Apple Macintosh PowerBook 5300cs
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The PowerBook 5300 series was the first generation of PowerBook laptops manufactured by Apple Computer to use the PowerPC processor. Released in August 1995, these PowerBooks were notable for being the first to feature hot-swappable expansion modules for a variety of different units such as ZIP drives; PC card slots as standard; and an infrared communication port. In common with most preceding Macintosh portables, SCSI, Serial, and ADB ports were available as standard. An internal expansion slot was also available for installing a variety of modules including Ethernet and video cards to drive a second monitor in mirroring or dual-screen modes.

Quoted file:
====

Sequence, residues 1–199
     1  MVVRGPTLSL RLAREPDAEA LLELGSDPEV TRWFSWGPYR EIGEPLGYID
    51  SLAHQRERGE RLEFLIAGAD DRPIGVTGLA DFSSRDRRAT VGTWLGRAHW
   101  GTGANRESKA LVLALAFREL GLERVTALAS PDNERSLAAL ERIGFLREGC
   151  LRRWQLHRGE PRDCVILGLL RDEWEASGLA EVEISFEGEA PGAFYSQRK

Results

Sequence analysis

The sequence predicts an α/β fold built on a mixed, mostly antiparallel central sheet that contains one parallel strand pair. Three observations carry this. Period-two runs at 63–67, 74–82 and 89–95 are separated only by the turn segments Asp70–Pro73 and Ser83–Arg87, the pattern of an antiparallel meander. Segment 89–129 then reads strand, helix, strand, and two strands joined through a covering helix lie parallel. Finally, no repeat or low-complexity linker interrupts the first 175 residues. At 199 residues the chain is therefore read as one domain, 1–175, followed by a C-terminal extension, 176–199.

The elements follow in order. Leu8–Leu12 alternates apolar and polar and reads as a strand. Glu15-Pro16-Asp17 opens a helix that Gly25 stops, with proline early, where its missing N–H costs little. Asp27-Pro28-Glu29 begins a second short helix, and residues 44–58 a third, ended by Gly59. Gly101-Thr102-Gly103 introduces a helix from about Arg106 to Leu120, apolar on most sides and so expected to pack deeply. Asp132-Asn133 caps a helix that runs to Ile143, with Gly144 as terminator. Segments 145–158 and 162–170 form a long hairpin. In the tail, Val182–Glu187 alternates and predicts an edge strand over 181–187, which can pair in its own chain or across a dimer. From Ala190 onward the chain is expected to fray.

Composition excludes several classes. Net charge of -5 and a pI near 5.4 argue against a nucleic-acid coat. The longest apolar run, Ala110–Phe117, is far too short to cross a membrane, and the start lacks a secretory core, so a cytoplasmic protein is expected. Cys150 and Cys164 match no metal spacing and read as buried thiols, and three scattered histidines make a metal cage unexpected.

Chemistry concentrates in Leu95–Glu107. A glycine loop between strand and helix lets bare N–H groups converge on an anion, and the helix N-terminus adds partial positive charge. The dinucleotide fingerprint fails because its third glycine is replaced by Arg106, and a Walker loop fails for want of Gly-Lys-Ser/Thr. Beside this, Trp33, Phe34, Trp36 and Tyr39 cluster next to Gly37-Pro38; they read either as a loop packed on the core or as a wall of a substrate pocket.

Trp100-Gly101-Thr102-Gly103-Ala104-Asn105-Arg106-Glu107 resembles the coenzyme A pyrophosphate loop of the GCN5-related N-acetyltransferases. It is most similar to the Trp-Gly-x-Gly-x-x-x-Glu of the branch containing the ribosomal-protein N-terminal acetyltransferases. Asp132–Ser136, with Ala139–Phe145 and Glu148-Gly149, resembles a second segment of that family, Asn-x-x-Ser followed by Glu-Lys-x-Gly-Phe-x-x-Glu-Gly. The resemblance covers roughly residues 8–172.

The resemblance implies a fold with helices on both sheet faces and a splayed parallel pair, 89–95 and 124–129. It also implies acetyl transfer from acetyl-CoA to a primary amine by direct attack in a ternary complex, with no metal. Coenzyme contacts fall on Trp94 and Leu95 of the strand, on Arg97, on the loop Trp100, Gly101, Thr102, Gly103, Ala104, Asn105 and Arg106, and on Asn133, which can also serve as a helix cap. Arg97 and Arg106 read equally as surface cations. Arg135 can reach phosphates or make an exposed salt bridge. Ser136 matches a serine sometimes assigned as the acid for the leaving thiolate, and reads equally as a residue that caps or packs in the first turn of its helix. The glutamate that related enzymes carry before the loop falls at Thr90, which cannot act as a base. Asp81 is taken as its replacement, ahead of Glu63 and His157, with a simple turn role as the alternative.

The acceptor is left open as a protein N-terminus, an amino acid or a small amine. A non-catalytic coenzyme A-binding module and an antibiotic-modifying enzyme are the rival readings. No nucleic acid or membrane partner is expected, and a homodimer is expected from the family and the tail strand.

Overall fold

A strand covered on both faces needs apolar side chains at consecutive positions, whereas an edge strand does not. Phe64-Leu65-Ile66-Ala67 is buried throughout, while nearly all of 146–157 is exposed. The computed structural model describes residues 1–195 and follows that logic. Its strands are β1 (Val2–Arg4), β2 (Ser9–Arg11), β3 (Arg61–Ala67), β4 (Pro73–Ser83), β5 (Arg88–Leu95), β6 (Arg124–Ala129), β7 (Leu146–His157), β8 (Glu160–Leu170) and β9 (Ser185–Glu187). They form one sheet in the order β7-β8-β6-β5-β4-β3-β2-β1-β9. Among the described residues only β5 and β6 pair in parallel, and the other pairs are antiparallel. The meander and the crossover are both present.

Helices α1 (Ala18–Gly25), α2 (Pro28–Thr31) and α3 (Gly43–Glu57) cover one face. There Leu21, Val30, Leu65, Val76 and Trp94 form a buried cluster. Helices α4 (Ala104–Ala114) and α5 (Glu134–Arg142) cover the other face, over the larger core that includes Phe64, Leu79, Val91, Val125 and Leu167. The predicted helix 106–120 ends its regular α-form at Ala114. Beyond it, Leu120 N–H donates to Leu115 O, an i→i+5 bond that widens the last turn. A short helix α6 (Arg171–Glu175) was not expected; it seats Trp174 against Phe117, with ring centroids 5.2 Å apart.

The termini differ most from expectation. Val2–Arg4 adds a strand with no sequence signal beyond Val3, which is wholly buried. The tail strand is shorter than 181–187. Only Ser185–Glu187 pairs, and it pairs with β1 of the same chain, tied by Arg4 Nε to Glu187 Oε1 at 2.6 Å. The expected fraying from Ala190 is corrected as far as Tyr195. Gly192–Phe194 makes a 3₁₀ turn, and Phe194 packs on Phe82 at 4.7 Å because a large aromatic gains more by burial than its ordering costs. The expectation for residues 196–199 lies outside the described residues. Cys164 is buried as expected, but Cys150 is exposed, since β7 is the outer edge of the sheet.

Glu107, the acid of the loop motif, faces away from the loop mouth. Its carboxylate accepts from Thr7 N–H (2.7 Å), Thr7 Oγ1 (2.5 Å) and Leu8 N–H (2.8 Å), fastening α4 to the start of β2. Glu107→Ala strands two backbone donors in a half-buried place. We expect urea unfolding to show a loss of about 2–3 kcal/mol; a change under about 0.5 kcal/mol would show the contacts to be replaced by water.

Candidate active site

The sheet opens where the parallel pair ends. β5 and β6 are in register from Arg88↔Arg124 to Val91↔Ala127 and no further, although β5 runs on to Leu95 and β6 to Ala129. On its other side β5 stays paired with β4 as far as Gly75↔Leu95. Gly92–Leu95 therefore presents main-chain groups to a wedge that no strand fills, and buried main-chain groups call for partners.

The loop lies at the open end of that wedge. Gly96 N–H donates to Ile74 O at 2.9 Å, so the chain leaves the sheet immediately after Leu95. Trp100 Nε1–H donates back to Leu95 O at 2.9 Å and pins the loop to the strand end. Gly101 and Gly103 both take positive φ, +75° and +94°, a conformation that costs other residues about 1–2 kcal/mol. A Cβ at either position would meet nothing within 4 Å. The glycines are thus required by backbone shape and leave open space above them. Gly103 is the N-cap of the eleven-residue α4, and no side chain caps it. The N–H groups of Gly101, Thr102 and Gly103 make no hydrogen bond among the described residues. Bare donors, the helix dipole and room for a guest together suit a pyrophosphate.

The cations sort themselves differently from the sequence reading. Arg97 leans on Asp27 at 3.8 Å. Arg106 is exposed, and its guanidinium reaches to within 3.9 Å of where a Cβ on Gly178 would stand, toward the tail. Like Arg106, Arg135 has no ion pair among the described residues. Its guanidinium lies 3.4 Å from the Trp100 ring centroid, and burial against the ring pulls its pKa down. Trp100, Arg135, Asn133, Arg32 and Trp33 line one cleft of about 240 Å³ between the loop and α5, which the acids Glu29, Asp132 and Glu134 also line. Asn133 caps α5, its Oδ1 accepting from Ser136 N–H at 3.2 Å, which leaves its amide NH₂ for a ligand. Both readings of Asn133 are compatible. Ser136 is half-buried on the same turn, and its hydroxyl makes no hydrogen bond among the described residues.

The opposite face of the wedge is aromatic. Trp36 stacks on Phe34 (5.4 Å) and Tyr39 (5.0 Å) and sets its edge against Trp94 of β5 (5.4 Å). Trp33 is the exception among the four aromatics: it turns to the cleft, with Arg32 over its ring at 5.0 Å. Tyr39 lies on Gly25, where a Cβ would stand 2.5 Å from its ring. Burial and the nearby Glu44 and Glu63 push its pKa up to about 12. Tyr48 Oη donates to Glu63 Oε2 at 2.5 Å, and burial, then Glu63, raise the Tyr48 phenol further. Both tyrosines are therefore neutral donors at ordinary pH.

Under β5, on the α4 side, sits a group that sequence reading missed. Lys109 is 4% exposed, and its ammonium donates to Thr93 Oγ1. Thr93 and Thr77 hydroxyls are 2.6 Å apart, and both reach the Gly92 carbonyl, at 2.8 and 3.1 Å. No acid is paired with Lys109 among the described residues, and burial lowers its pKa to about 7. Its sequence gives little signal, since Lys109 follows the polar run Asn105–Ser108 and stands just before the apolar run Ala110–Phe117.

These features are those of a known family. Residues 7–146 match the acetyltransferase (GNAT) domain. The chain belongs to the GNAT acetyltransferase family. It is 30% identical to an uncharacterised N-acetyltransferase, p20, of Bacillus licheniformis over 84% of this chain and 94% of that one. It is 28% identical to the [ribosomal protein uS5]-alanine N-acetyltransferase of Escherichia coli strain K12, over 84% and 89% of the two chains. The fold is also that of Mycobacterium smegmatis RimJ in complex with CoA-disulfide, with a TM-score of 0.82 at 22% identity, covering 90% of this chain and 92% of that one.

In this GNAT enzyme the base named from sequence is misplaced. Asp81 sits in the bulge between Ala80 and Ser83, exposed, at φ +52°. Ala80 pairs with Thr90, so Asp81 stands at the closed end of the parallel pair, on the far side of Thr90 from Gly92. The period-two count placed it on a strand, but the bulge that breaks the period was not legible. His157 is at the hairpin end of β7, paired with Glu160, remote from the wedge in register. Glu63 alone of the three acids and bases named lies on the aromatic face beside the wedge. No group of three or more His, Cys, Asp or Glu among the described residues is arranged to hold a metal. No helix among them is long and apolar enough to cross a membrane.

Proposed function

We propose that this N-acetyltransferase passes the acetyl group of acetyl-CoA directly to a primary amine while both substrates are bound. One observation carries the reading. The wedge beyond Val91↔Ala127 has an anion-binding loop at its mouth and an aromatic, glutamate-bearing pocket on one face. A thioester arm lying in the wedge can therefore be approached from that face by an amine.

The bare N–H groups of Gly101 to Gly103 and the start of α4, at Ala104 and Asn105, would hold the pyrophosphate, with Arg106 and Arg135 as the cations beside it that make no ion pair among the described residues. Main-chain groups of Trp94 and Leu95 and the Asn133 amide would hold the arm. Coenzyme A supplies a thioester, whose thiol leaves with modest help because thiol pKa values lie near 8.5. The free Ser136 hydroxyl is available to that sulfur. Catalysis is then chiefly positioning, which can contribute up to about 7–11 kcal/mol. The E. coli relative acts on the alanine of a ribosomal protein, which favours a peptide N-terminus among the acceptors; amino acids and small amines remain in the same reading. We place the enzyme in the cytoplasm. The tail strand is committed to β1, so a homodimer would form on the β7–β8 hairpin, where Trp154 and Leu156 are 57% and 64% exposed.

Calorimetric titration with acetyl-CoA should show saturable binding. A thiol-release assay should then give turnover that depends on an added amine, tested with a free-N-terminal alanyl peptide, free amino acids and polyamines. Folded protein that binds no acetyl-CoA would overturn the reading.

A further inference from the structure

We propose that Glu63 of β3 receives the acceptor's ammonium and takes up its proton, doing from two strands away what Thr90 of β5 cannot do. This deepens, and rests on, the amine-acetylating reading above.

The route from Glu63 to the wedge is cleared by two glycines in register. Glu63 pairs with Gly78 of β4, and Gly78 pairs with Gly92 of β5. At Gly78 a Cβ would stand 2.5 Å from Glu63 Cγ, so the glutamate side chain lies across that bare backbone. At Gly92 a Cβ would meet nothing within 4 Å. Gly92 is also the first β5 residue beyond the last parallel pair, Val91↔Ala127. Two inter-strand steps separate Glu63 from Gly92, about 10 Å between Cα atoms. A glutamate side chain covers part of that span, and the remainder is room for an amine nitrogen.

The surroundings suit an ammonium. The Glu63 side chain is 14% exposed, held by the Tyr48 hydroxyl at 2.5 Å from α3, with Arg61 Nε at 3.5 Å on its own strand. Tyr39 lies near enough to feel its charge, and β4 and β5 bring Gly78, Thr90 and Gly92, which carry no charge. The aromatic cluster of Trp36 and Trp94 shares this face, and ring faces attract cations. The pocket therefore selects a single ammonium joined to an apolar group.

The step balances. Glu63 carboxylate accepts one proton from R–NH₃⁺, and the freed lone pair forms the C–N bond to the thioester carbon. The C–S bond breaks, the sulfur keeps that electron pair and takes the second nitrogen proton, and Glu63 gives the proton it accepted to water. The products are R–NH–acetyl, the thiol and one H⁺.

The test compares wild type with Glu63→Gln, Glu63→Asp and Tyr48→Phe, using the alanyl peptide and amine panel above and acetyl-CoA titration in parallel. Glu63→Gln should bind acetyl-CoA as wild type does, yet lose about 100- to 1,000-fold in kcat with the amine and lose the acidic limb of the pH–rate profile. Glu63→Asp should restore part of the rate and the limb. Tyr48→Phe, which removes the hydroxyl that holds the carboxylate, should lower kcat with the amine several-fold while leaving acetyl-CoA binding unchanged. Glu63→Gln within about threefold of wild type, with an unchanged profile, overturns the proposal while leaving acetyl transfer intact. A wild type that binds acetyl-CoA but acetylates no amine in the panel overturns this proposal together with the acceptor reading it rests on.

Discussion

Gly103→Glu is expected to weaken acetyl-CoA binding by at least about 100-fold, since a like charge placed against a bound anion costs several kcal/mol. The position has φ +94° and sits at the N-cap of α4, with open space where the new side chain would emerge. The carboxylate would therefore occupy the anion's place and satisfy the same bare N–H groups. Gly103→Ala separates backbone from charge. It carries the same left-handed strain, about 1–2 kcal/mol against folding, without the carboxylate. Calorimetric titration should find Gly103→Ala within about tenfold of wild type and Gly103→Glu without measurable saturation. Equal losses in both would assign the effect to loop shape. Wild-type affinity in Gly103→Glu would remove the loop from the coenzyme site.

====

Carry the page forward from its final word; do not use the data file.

The Apple Macintosh PowerBook 5300/100 features a 100 MHz PowerPC 603e processor, 8 MB of RAM, and a 500 MB hard drive in a portable black case with a 9.5" grayscale passive-matrix display. Although the PowerBook 5300/100 only supports 4-bit grayscale, a video card can be added to support up-to 16-bit color on an external monitor. Although the PowerBook 5300 series heralded a couple of firsts -- it was the first PowerBook line to have PowerPC processors and "hot swappable" drive bays -- it was initially plagued by battery and quality problems and required "reworking" by Apple to perform well.
Introduction Date: August 28, 1995 Discontinued Date: August 1, 1996
Our machine was very kindly donated by Dr David Nichols from the University Of Waikato, New Zealand.
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This exhibit has a reference ID of CH20975. Please quote this reference ID in any communication with the Centre for Computing History.